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Details of Grant 

EPSRC Reference: EP/S000755/1
Title: Near-equilibrium thermalised quantum light
Principal Investigator: Oulton, Professor RFM
Other Investigators:
Mintert, Dr F
Researcher Co-Investigators:
Dr RA Nyman
Project Partners:
Department: Physics
Organisation: Imperial College London
Scheme: Standard Research
Starts: 09 July 2018 Ends: 30 December 2022 Value (£): 767,529
EPSRC Research Topic Classifications:
Light-Matter Interactions Quantum Optics & Information
EPSRC Industrial Sector Classifications:
No relevance to Underpinning Sectors
Related Grants:
Panel History:
Panel DatePanel NameOutcome
14 Jun 2018 EPSRC Physical Sciences - June 2018 Announced
Summary on Grant Application Form
Almost 60 years have passed since the first laser, one of the most important inventions of the 20th century, yet new mechanisms enabling highly coherent, directional light sources are still being discovered. Very recently, Bose-Einstein Condensation (BEC) of light has enabled exploration of the links between quantum statistics, phase transitions and lasers, not only expanding our understanding, but inspiring light sources with new capabilities. Such sources will enable simulation of quantum processes, otherwise intractable using modern computers, and imaging and sensing beyond the quantum limit by exploiting their unique quantum coherence properties.

It's not a trivial statement that photons can be made to thermalise and undergo Bose-Einstein condensation (BEC) at room temperature. A fluorescent medium in an optical resonator is optically excited. The resonator has many optical modes, but one has a well-defined ground state. Photons emitted into the resonator modes undergo thermalisation by absorption and re-emission with the fluorescent medium. This is facilitated by the vibrational states of the medium, which relax rapidly, to maintain thermal equilibrium. Quantum statistics ensure that, with enough photons, BEC will occur, even at room temperature, resulting in a macroscopic population of the ground-state resonator mode. BEC is a universal process, so photon BEC can be compared to condensation in atomic systems, or exciton-polariton microcavities.

This project uses four ingredients to shift the science of photon-based BEC from fundamental to applied research: quantum correlations, semiconductor photon BEC, planar waveguide resonators, and theoretical underpinning. Those ingredients of this project are:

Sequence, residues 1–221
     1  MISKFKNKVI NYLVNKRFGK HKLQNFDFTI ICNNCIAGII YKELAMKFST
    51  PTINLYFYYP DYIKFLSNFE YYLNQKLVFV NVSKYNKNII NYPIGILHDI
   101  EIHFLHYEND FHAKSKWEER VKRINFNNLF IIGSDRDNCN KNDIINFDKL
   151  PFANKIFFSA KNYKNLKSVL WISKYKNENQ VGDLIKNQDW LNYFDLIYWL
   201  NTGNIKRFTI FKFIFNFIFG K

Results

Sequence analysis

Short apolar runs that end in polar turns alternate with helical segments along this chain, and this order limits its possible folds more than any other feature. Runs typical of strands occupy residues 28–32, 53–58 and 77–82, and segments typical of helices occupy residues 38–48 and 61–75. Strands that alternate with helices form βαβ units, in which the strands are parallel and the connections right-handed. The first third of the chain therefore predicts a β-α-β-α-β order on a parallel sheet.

(A) Measurement and control of the quantum correlations among photons.

- While lasers have well-defined Poissonian number statistics, the number of statistics of BEC are greatly influenced by the the fluorescent medium. We will measure both intra- and inter-mode correlations. In contrast to lasers, we expect that media made of finite numbers of emitters will generate sub-Poissonian correlations, e.g. relative-number squeezing. Using pulsed pumping and time-resolved measurements of non-stationary statistics we will uncover how to characterise and exploit these highly non-classical states of light.

(B) Photon thermalisation and condensation in an inorganic semiconductor device.

- The media used for photon BEC so far have been liquid dyes. By using a very standard inorganic semiconductor (GaAs) in a very non-standard way as the thermalisation medium, we will make devices whose properties (emission spectrum, threshold pump power, correlations) can be tuned through well-established fabrication techniques, suitable for robust and commercially viable technology.

(C) New planar resonators for photon BEC control.

- Open microcavity resonators have proven suitable for photon BEC and are flexible in terms of the potential-energy landscape for photons. We will explore condensation of propagating photons using an in-plane distributed-resonator geometry, where time can be mapped to propagation dimension. Effectively, we will achieve sub-picosecond temporal control over BECs by spatially varying resonator designs.

(D) Theory of photon correlations.

- The whole project will include a strong theoretical analysis and modelling programme. The basic model to be used is based on quantum master equations, applicable to both dyes and semiconductors. It will be solved with powerful numerical techniques to predict quantum correlations for conditions that well describe the experiments.

Devices will be fabricated using existing collaborations by our project supporters with established methods. While this research is primarily curiosity-driven, it will uncover new quantum states of light, methods for characterising them, and routes to exploiting them, which will be useful for quantum sensing and simulation.
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Organisation Website: http://www.imperial.ac.uk